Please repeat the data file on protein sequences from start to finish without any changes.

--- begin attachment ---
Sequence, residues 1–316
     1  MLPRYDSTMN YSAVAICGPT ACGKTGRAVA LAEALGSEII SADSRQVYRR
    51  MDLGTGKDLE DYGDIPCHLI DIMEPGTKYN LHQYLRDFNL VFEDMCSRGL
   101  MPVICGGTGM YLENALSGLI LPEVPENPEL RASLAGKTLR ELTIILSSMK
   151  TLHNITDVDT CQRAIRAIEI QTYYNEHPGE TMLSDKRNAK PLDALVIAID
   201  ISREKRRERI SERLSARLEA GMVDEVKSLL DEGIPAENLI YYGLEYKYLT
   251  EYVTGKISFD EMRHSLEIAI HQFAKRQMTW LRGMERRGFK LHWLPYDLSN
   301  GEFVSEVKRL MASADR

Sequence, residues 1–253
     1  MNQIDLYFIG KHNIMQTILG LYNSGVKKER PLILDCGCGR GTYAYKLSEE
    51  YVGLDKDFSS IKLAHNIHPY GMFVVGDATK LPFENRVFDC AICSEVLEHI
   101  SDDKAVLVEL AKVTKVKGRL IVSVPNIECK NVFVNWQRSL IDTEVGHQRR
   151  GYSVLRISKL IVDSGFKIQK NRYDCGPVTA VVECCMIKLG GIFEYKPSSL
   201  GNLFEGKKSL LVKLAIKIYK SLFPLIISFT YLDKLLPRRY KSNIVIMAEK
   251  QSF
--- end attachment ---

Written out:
Sequence, residues 1–316
     1  MLPRYDSTMN YSAVAICGPT ACGKTGRAVA LAEALGSEII SADSRQVYRR
    51  MDLGTGKDLE DYGDIPCHLI DIMEPGTKYN LHQYLRDFNL VFEDMCSRGL
   101  MPVICGGTGM YLENALSGLI LPEVPENPEL RASLAGKTLR ELTIILSSMK
   151  TLHNITDVDT CQRAIRAIEI QTYYNEHPGE TMLSDKRNAK PLDALVIAID
   201  ISREKRRERI SERLSARLEA GMVDEVKSLL DEGIPAENLI YYGLEYKYLT
   251  EYVTGKISFD EMRHSLEIAI HQFAKRQMTW LRGMERRGFK LHWLPYDLSN
   301  GEFVSEVKRL MASADR

Sequence, residues 1–253
     1  MNQIDLYFIG KHNIMQTILG LYNSGVKKER PLILDCGCGR GTYAYKLSEE
    51  YVGLDKDFSS IKLAHNIHPY GMFVVGDATK LPFENRVFDC AICSEVLEHI
   101  SDDKAVLVEL AKVTKVKGRL IVSVPNIECK NVFVNWQRSL IDTEVGHQRR
   151  GYSVLRISKL IVDSGFKIQK NRYDCGPVTA VVECCMIKLG GIFEYKPSSL
   201  GNLFEGKKSL LVKLAIKIYK SLFPLIISFT YLDKLLPRRY KSNIVIMAEK
   251  QSF